Andrew Yang is a 44-year-old entrepreneur running for the Democratic presidential nomination on the single issue of universal basic income. While that controversial remedy may draw detractors, Yang is highlighting what should be the most crucial debate topic of the 2020 election. Working Americans are struggling mightily to keep their heads above water in an employment landscape increasingly tilted against them by technology and corporate devotion to shareholder value at the expense of employee wellbeing.
Good Jobs Matter
“One major problem is that we’re guided, almost solely, by GDP, stock market prices and profitability,” Yang said in a July 2018 interview with the online Simulation Show. “The issue is that with A.I. (artificial intelligence) and new technologies, those things are just going to keep on going up and up … GDP is going to keep going up even as more and more Americans keep getting displaced. If you have trucks magically drive themselves that’s a boon to GDP because you can get the same work done without having to spend all this money on humans. But is that going to be good for human wellbeing?”
If we actually prioritize the welfare of U.S. citizens above a mere monetary value measurement, Yang believes, then we must confront the problems that come with an economic landscape dominated by large corporations with no connection to local communities, that exercise control over an enormous share of employment pools in our society today.
“A lot of people think the opposite of humanity is robots, which I guess is true. Other people think the opposite of humanity is money — maybe,” Yang said at an appearance in Cleveland on February 24. “But I’m going to suggest the opposite of humanity is soulless corporations.”
Yang sees corporations as having developed an adversarial relationship with employees by the very nature of their modern business practices. The website basicincome.org notes that he uses this point to differentiate himself from fellow 2020 candidate Sen. Bernie Sanders (I-VT). It quotes Yang as saying:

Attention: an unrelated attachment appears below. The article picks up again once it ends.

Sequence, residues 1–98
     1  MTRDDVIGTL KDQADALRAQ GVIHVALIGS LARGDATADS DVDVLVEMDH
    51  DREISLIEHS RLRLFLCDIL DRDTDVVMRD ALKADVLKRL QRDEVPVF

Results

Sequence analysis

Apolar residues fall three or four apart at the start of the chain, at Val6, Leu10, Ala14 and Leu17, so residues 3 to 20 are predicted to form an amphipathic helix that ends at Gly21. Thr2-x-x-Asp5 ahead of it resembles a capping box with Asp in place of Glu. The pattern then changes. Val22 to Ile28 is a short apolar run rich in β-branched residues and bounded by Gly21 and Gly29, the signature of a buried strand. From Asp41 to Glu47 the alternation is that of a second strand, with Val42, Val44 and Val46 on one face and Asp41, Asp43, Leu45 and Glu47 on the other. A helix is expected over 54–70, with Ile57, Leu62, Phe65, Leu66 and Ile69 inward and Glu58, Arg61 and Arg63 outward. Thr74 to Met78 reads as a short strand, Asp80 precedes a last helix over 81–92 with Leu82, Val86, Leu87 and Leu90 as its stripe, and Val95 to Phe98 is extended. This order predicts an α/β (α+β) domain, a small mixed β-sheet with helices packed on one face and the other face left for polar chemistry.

“(Sanders) believes that if we coerce companies into treating workers better then that will solve the problem. I believe that the relationship between corporate success and workers has fundamentally changed forever, where 94 percent of the new jobs created from 2005 to 2015 were temporary gig contract jobs which did not have healthcare benefits.
The plain truth is that companies can now grow and succeed without hiring lots of people or treating them well … So we need to build a new social contract that does not assume that work is going to look the same way it has over the last number of decades.”
Yang seems to be winning some folks over on his universal basic income solution to the jobs crisis. “I wasn’t really for it until I started listening to him,” Robert Kvasne told the Toledo Blade. “I’m from Old Brooklyn in Cleveland. There’s small mom-and-pop shops that are opening up and if every adult in that community had an extra 50 bucks to go toward getting that cup of coffee or go into that chocolate store, that’s going to fuel the local economy … instead of having another McDonald’s coming in.”
Keeping the money in the community and not feeding the multinational corporations that degrade the human value of labor would be a step in the right direction. But there are reasons to be skeptical about Yang’s universal basic income solution. For one, his stated embrace of immigration reform would provide a pathway to citizenship for illegals. Yang’s policy position is predicated on the notion that there are 11 million illegal immigrants in the U.S. today. Other reports, however, state there may be as many as 30 million. Having all of them become citizens and take their share of basic income would prove more of a burden on taxpayers than a boon to the working class. “It’s true, that with UBI in place, the demand for citizenship may rise,” Yang acknowledges on his official website. It’s inexplicable that a man in favor of giving every American adult $1,000 a month would not support extremely strong border security measures, including deportation, to make sure the money goes where it is intended.
Yang’s conclusions deserve further scrutiny, but he is the only presidential candidate so far who has honestly faced up to the true nature of the employment crisis in this country. Our economy is not generating quality jobs that will allow citizens to earn a good living. Yang needs 50,000 individual donations by May 15 to qualify for Democratic debates, and according to a March 1 tweet, he is already at 38,700. Just having him talking about real ideas on the same platform as all the tired Dem candidates spouting their identity politics tripe will be a welcome tonic.
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